We have to admit, we’ve been putting off writing about the American Health Care Act (AHCA) for as long as we could, because, well, we’ve been burned before. Every other Republican Obamacare replacement plan we’ve covered was quickly dropped as soon as we wrote about it, sometimes even before we could get the post up. Remember the Patient CARE Act or Scott Walker’s health plan? No? Consider yourself lucky.
For a while it looked like the AHCA was heading down the same path. House Republicans’ first attempt at passage failed miserably— conservatives in the Freedom Caucus refused to support the bill because it didn’t eliminate enough of Obamacare, while moderate Republicans were anxious about leaving 24 million more Americans without coverage. Afterward, the prospect of reconciling the two groups seemed so unlikely that pundits were calling it “Zombie Trumpcare.” To bring the Freedom Caucus on board, House leaders amended the bill to weaken Obamacare’s protections for people with pre-existing conditions (more on that in a bit), which spooked GOP moderates; moderates were then promised an extra $8 billion over 5 years to prop up high risk pool (more on that shortly too). Somehow this worked, and the AHCA passed the House by just one vote.
Still, by all accounts there was no way it could pass in the Senate– instead, Senate Republicans said they planned to start from scratch on their own bill. That seemed like a good idea since the original AHCA was opposed by pretty much everyone who’s not a Republican Congressperson. However, now we’re hearing rumors that the Senate bill might look a lot like the AHCA after all, and some “moderates” in the Senate have started expressing support for eliminating the ACA’s Medicaid expansion (and yes, more on that too in a sec), which had been a key point of contention.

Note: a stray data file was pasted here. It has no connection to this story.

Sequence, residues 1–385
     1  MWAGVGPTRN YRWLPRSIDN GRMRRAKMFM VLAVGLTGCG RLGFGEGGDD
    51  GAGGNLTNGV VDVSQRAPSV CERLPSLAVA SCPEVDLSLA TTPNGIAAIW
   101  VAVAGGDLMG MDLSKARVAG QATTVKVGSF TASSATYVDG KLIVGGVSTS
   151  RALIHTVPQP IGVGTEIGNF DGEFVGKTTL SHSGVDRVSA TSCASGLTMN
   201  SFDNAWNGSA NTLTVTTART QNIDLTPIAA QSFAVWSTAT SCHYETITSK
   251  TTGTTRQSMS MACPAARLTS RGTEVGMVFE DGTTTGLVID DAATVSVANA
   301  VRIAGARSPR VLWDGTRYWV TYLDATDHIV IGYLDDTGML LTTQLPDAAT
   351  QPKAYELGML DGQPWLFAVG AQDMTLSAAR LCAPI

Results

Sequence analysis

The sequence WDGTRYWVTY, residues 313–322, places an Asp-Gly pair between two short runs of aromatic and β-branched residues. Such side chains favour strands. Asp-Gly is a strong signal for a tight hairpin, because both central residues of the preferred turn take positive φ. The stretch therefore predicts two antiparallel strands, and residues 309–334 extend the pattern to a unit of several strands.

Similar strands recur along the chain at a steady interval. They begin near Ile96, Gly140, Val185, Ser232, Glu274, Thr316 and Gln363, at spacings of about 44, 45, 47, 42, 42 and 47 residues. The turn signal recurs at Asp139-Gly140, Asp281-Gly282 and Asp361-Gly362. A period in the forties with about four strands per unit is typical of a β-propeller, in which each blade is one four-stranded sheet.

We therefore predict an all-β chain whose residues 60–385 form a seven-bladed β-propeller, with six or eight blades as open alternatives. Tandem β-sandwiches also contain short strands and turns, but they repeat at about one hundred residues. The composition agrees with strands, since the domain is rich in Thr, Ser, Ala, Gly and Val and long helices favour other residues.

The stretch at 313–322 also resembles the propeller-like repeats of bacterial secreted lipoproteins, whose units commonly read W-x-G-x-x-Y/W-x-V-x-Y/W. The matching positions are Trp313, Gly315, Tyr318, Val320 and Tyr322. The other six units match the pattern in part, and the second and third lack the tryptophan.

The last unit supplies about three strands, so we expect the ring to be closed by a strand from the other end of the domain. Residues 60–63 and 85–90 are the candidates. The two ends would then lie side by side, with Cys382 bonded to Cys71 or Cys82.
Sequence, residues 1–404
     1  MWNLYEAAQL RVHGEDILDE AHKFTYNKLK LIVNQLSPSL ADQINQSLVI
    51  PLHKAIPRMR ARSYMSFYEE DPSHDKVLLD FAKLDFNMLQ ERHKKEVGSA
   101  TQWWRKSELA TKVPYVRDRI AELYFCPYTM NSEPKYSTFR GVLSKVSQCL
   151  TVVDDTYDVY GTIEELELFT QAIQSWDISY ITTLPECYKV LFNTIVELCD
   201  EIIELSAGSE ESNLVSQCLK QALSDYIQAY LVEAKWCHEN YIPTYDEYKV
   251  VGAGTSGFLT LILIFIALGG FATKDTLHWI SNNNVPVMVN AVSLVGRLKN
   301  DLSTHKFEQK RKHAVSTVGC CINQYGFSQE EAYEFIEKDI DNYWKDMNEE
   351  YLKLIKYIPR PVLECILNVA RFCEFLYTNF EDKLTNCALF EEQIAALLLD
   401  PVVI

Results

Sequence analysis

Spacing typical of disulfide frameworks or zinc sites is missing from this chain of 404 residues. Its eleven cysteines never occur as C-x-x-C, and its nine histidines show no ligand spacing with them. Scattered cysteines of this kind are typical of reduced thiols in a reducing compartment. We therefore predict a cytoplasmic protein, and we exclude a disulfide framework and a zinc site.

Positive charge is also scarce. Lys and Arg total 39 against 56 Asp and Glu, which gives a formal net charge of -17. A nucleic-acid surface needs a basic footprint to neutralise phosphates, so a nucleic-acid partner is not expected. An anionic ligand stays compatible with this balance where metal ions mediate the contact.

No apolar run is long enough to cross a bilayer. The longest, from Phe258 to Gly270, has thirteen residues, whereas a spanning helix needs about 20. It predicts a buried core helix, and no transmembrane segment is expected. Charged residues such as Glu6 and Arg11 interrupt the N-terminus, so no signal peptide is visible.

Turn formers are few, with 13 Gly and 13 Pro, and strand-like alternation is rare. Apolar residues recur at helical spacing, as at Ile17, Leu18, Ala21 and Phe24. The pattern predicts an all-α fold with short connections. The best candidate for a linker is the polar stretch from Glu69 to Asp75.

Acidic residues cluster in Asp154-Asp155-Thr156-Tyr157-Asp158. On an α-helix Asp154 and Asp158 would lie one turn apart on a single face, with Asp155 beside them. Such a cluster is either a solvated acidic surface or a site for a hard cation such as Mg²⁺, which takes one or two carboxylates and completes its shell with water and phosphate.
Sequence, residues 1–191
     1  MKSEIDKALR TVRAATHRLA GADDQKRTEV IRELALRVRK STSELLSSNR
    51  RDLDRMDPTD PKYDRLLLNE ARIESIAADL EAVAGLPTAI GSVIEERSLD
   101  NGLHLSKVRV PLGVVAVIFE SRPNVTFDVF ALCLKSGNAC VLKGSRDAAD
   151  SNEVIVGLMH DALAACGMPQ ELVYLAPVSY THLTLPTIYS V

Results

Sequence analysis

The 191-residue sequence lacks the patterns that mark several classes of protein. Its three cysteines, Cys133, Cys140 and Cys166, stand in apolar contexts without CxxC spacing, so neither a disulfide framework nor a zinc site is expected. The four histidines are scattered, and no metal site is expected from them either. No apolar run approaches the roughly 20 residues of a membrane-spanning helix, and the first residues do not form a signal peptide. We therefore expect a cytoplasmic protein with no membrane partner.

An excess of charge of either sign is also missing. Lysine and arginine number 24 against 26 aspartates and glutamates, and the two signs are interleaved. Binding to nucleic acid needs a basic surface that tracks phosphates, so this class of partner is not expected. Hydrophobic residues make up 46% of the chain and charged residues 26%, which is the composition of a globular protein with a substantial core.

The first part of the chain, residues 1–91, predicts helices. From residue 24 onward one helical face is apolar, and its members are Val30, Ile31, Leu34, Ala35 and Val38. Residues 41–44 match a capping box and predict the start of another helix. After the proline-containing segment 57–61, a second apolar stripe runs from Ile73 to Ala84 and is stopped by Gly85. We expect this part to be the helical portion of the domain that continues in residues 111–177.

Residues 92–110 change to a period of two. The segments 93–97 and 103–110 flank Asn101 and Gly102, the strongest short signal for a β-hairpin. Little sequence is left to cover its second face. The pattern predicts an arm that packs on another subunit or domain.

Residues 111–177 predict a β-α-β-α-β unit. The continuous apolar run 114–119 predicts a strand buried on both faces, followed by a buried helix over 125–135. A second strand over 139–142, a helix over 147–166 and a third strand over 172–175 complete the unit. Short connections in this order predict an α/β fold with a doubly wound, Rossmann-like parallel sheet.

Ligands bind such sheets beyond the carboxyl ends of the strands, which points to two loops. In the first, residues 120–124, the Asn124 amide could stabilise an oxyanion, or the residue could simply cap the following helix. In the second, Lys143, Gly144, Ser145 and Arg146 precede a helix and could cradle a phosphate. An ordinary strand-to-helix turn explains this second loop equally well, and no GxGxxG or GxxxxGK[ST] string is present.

So, since both House and Senate Republicans seem serious about this thing, we figured it’s about time to look at what’s in the AHCA and how it will affect the rest of us.
Changes to premiums
Premium tax credits: One of the most important parts of the Affordable Care Act is a tax credit for people who purchase their own insurance. Under the ACA, this tax credit is on a sliding scale based on income. So if your income is under 400% of the poverty line ($48,240 for an individual, $98,400 for a family of four) then regardless of how much insurance actually costs, you can get a plan for less than 10% of your annual income.
The AHCA ditches this income-based credit and replaces it with a flat credit of $2,000 to $4,000 per person, based on their age; the total amount a family can receive is capped at $14,000. Individuals making over $75,000 a year, and families making over $150,000 would get less. This is good news if you’re a young person with a moderate to high income, but it’s terrible news for older adults. For example, let’s look at the average U.S. income for an individual, which is about $27,000, using the nonpartisan Kaiser Family Foundation’s subsidy calculator. If you’re 30 years old, your subsidy under the ACA would be about $1,851 per year on average, under the AHCA it’d be $2,500. But let’s say you’re 60 years old making the same income– your subsidy under the AHCA would be $4,000, while your subsidy under the ACA would be $7,199 per year.
Remember, those insurance costs we mention above are averages– under the ACA if you live in a place where insurance is more expensive (often rural areas), you get a bigger tax credit; under the AHCA it’s a flat credit no matter where you live, so if insurance is more expensive then that’s more that you have to pay.